Hello from Tamale!! This morning we said goodbye to Accra at the ungodly hour of 4:30am and departed for the Northern regions of Ghana. We are currently in Tamale (pronounced TAH-mah-lee, not like the candy) waiting for the air conditioning to be repaired in the van that will take us to our eventual destination, Damango. While there, we will be working with a man named Abraham and his orphanage, the Children's Redemption home.
I am excited to get started. The air is so much fresher up here than it was in the city, and the people are friendlier and less adament about selling you random things. After the bustle of Accra, we are all relieved to enjoy the quiet of the countryside. It's not all cookies and cream though, northern Ghana is much more rural and we're going to have to adjust to the lack of ammenities and Westernized food. Neither the airport nor the restaurant we had breakfast at had any toilet paper, so I am not optimistic about the remainder of our stay.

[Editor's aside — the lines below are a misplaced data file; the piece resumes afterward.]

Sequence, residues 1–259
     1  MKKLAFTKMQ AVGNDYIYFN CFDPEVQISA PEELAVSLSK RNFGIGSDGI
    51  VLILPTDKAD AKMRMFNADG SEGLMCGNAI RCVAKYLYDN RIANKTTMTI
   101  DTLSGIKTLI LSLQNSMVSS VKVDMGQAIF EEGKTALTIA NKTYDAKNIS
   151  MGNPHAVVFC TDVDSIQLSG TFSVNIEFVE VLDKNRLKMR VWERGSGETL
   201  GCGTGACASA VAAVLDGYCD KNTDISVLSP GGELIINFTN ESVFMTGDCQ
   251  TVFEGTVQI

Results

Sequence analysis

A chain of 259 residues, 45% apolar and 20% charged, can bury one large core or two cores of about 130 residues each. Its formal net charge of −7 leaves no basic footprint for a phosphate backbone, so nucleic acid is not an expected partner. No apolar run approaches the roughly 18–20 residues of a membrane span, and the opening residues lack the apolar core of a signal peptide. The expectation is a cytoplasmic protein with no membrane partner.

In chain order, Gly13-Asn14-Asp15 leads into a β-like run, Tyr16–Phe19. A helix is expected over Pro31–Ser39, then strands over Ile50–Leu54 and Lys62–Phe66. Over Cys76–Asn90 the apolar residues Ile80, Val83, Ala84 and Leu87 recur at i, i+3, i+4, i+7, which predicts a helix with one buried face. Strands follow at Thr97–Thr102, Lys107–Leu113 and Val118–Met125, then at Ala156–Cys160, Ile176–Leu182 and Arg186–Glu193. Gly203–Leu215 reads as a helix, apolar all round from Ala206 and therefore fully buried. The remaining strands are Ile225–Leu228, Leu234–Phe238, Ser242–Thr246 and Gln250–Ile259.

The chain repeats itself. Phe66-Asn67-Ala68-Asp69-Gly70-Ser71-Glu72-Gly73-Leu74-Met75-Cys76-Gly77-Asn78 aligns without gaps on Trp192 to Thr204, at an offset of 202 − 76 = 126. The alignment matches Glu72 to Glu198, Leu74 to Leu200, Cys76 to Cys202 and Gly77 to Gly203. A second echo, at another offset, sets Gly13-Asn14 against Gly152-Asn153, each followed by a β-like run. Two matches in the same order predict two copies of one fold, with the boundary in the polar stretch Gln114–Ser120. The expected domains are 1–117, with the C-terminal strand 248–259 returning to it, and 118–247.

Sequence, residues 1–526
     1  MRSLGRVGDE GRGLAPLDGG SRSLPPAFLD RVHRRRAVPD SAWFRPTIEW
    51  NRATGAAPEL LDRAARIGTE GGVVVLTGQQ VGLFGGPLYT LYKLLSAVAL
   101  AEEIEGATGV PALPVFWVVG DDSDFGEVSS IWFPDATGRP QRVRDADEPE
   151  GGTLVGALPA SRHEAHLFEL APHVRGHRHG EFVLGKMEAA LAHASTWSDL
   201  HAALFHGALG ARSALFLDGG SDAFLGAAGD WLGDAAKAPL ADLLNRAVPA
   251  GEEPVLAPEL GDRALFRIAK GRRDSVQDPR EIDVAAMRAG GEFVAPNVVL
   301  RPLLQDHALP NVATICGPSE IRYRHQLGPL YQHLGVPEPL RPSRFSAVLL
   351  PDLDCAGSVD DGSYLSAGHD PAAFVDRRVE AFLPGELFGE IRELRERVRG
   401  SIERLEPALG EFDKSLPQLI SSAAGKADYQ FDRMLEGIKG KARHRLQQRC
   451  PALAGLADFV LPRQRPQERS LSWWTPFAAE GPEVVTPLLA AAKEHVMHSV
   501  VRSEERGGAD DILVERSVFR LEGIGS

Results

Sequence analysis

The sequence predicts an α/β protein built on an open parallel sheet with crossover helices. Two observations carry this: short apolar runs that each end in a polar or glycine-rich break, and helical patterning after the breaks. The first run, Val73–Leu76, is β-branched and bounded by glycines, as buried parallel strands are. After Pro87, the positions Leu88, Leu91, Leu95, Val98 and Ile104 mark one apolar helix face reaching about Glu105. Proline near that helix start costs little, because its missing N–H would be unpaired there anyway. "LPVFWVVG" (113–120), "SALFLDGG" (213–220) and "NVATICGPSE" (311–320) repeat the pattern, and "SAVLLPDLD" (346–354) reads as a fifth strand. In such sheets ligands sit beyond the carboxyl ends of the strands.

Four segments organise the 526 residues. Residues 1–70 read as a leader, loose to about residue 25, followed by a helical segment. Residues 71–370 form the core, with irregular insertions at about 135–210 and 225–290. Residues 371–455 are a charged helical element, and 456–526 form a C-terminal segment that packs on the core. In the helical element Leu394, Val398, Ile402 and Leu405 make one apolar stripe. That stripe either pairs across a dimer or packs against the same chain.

Our last day in Accra was hectic. Leena and Beth arrived late Monday night and accompanied us to the market. The part of Accra we visited was highly modernized. We saw a lot of four-door SUVs (with big silver grills, the ultimate status symbol) and men walking around in three piece suits (while I broke a sweat in a T-shirt). The vendors there were relentless, note to self for any future Accra visits: never passively suggest that you find something a vender is offering "nice." You will be stalked. In the end I made no purchases. I will wait until up north or Winneba, where the things that can be purchased are cheaper and more authentic.
These past few days have also brought many interesting conversations about politics and gender equality. We met a woman named Mrs Awortwi who is the director of science and education for all of Ghana. It was very interesting to hear her take on government. She implied that there is a general lack of interest and participation in public affairs. Government in Ghana remains an abstract concept rather than something to be influenced for the betterment of the country. What a contrast to the USA, where the government is constantly under scrutiny.
Here are some interesting observations we have made:
- Even when arriving late, Ross and I were always served food before the ladies
- Practically every manikan I have seen is white. Whiteness is associated with sophistication.
- No businesses, restaurants, or otherwise will accept 50 cedi notes, because they cannot make change. We were only given 50 cedi notes. Way to go airport.
I have only four minutes of internet time remaining, so I'll finish here. On the whole, things have been great and hopefully will continue to be so!